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Smith, Albert F.
Some models of word identification hypotheses units responsive to bigrams—letter pairs—that may not be adjacent in a letter-string stimulus. Grainger, Mathot, and Vitu (2014) and Palinski (2016) found, for words, responding was more efficient when flanking bigrams contained target-string letters than when they did not. They also found that responding was more efficient when flanking bigrams contained letters ordered as in the target than switched but whether flanking bigrams were ordered as in the target did not affect performance. Palinski (2016) replicated the results of Grainger et al. (2014) and conducted a second experiment that included four additional conditions in which the flanking bigrams consist of letters separated by one letter in the target (ex. FO FROG RG; RG FROG FO; OF FROG GR; GR FROG OF). Although, for nonadjacent letter bigrams, the pattern of performance over conditions was like that in Grainger et al. (2014) and Palinski (2016) Experiment 1, for adjacent bigrams, the pattern was different. To investigate the stability of these results, we repeated Palinski's second experiment. We replicated her results. The effect of adjacent-letter flanking bigrams may depend on whether nonadjacent-letter flanking bigrams are encountered in the experiment.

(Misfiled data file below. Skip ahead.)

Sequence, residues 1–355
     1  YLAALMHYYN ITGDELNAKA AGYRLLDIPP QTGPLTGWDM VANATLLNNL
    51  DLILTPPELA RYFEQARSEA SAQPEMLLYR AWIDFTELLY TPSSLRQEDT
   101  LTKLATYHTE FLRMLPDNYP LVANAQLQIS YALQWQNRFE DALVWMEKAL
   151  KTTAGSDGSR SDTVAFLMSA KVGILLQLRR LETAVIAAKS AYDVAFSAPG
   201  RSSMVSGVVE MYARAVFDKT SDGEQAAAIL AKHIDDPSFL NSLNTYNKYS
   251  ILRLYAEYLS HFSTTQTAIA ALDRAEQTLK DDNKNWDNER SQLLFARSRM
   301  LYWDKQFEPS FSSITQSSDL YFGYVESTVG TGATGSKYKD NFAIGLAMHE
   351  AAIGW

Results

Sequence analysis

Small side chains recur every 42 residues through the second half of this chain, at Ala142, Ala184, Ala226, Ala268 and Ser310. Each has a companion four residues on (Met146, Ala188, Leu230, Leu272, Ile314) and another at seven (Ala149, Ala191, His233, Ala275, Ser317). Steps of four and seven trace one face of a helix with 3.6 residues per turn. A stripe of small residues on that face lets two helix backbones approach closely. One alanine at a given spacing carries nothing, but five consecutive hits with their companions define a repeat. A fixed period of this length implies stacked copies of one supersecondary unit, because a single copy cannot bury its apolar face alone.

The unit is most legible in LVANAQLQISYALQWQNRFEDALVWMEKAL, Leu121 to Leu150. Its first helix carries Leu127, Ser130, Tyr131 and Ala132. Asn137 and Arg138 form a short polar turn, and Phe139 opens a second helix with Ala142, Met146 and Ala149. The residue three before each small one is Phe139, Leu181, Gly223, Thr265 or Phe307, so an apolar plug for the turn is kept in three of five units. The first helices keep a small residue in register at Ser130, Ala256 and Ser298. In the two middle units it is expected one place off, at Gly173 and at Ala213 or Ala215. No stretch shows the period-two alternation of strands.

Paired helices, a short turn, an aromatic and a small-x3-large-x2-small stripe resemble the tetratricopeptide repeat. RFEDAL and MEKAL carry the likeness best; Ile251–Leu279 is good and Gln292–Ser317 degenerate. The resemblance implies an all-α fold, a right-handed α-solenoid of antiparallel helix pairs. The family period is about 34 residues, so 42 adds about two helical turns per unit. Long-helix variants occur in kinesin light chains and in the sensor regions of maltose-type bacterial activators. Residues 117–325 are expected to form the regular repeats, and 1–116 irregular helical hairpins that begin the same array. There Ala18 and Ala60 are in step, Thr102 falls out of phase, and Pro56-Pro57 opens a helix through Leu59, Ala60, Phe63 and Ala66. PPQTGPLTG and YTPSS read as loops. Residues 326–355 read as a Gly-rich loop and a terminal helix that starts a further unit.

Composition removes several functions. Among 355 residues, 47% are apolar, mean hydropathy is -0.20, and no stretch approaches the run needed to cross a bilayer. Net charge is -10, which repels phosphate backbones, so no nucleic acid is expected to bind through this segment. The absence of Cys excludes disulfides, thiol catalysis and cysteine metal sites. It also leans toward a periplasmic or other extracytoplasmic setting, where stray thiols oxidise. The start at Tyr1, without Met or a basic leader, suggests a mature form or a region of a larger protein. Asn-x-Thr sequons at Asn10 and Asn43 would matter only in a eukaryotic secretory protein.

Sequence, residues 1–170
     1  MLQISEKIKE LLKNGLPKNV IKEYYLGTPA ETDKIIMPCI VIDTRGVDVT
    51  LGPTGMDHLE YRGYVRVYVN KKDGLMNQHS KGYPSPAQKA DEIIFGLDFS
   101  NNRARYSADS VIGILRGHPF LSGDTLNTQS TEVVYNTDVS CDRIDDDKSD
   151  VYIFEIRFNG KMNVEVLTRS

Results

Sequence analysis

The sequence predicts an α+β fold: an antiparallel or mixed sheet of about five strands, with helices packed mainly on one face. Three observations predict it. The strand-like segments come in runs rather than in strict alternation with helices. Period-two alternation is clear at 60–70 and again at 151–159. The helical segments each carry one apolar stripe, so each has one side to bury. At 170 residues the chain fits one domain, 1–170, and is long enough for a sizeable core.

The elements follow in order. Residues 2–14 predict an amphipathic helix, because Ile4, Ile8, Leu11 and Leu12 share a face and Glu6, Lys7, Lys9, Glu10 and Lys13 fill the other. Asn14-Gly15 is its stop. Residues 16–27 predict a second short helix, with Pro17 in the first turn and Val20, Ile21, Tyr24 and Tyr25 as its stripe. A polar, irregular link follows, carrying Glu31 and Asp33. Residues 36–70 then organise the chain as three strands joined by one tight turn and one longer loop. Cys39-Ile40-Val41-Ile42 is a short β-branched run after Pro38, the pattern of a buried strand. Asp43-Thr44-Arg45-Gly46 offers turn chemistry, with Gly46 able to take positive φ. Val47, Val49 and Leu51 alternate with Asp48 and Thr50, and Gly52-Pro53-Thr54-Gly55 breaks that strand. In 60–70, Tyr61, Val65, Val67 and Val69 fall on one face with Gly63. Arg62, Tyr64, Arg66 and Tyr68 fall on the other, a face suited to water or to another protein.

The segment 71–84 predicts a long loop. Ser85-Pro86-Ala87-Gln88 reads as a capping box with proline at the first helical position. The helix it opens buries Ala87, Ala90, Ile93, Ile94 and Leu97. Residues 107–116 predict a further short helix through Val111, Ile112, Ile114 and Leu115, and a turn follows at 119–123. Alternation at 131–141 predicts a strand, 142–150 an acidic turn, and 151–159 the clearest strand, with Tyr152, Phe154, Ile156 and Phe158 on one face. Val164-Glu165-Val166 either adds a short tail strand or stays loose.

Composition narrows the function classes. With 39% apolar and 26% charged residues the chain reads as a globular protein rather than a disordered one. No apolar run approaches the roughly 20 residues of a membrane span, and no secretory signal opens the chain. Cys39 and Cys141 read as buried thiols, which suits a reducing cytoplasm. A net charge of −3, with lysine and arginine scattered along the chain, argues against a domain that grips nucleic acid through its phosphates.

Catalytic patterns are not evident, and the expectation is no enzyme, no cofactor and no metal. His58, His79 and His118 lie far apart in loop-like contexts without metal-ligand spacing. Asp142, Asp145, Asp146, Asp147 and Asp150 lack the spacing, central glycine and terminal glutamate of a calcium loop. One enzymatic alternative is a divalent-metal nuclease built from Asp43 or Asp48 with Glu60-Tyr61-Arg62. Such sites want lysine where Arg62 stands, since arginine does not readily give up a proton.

College of Sciences and Health Professions
Psychiatry and Psychology
Araya, Lea G. and Russo, Nicole M., "P2: DIFFERENTIAL EFFECTS OF ADJACENT-LETTER AND OPEN FLANKING BIGRAMS ON LEXICAL DECISION PERFORMANCE" (2017). Undergraduate Research Posters 2017. 38.